If Night School were a better movie, that might have been a problem.







Raashan Ahmad Talks With PopMatters About His Place in 'The Sun'

On his latest work,The Sun, rapper Raashan Ahmad brings his irrepressible charisma to this set of Afrobeat-influenced hip-hop.


Between the Buried and Me's Baby Pictures Star in 'The Silent Circus'

The Silent Circus shows Between the Buried and Me developing towards the progressive metal titans they would eventually become.


Alanis Morissette's 'Such Pretty Forks in the Road' Is a Quest for Validation

Alanis Morissette's Such Pretty Forks in the Road is an exposition of dolorous truths, revelatory in its unmasking of imperfection.


Vistas' 'Everything Changes in the End' Is Catchy and Fun Guitar Rock

Vistas' debut, Everything Changes in the End, features bright rock music that pulls influences from power-pop and indie rock.


In Amy Seimetz's 'She Dies Tomorrow', Death Is Neither Delusion Nor Denial

Amy Seimetz's She Dies Tomorrow makes one wonder, is it possible for cinema to authentically convey a dream, or like death, is it something beyond our control?


The 10 Best Experimental Albums of 2015

Music of all kinds are tending toward a consciously experimental direction. Maybe we’re finally getting through to them.


John Lewis, C.T. Vivian, and Their Fellow Freedom Riders Are Celebrated in 'Breach of Peace'

John Lewis and C.T. Vivian were titans of the Civil Rights struggle, but they are far from alone in fighting for change. Eric Etheridge's masterful then-and-now project, Breach of Peace, tells the stories of many of the Freedom Riders.


Unwed Sailor's Johnathon Ford Discusses Their New Album and 20 Years of Music

Johnathon Ford has overseen Unwed Sailor for more than 20 years. The veteran musician shows no sign of letting up with the latest opus, Look Alive.

Jedd Beaudoin

Jazz Trombonist Nick Finzer Creates a 'Cast of Characters'

Jazz trombonist Nick Finzer shines with his compositions on this mainstream jazz sextet release, Cast of Characters.


Datura4 Travel Blues-Rock Roads on 'West Coast Highway Cosmic'

Australian rockers Datura4 take inspiration from the never-ending coastal landscape of their home country to deliver a well-grounded album between blues, hard rock, and psychedelia.


Murder Is Most Factorial in 'Eighth Detective'

Mathematician Alex Pavesi's debut novel, The Eighth Detective, posits mathematical rules defining 'detective fiction'.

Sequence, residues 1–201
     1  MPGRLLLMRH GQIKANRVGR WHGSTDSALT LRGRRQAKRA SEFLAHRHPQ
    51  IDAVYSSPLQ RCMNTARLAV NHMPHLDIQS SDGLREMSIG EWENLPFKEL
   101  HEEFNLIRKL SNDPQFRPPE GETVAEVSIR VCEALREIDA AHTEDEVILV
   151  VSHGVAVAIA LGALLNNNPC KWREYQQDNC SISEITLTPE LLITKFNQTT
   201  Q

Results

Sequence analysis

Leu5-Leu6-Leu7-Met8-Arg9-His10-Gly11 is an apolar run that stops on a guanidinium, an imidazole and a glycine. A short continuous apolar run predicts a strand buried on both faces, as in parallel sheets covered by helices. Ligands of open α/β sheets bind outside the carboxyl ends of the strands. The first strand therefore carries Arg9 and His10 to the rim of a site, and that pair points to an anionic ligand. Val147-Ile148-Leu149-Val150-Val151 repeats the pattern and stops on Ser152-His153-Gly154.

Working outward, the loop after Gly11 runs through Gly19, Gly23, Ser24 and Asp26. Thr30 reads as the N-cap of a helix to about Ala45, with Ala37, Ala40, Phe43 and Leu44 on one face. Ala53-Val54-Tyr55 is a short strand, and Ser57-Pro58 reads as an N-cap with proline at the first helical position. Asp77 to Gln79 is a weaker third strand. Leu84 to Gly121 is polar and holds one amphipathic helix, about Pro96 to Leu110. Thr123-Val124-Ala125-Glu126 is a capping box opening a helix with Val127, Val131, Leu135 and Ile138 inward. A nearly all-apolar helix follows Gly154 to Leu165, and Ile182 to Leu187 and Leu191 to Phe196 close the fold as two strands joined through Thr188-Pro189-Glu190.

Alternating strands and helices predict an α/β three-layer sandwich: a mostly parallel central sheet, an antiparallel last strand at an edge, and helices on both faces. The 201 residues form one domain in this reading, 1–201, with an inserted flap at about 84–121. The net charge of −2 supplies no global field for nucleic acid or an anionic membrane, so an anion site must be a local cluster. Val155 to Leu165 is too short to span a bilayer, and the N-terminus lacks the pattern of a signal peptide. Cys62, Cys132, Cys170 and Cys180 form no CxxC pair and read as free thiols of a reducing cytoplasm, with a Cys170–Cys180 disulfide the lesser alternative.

Eyedress Sets Emotions Against Shoegaze Backdrops on 'Let's Skip to the Wedding'

Eyedress' Let's Skip to the Wedding is a jaggedly dreamy assemblage of sounds that's both temporally compact and imaginatively expansive, all wrapped in vintage shoegaze ephemera.


Of Purges and Prescience: On David France's LGBTQ Documentary, 'Welcome to Chechnya'

The ongoing persecution of LGBTQ individuals in Chechnya, or anywhere in the world, should come as no surprise, or "amazement". It's a motif undergirding the history of civil society that certain people will always be identified for extermination.


Padma Lakshmi's 'Taste the Nation' Questions What, Exactly, Is American Food

Can food alone undo centuries of anti-immigrant policies that are ingrained in the fabric of the American nation? Padma Lakshmi's Taste the Nation certainly tries.


Performing Race in James Whale's 'Show Boat'

There's a song performed in James Whale's musical, Show Boat, wherein race is revealed as a set of variegated and contradictory performances, signals to others, a manner of being seen and a manner of remaining hidden, and it isn't "Old Man River".


The Greyboy Allstars Rise Up to Help America Come Together with 'Como De Allstars'

If America could come together as one nation under a groove, Karl Denson & the Greyboy Allstars would be leading candidates of musical unity with their funky new album, Como De Allstars.

Collapse Expand Reviews

Collapse Expand Features
PM Picks
Collapse Expand Pm Picks

© 1999-2020 All rights reserved.
PopMatters is wholly independent, women-owned and operated.